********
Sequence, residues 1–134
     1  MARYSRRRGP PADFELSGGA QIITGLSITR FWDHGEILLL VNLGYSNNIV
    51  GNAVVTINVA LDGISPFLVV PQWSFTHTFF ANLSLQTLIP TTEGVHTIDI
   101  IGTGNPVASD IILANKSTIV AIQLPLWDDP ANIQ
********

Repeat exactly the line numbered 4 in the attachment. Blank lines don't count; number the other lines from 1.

   101  IGTGNPVASD IILANKSTIV AIQLPLWDDP ANIQ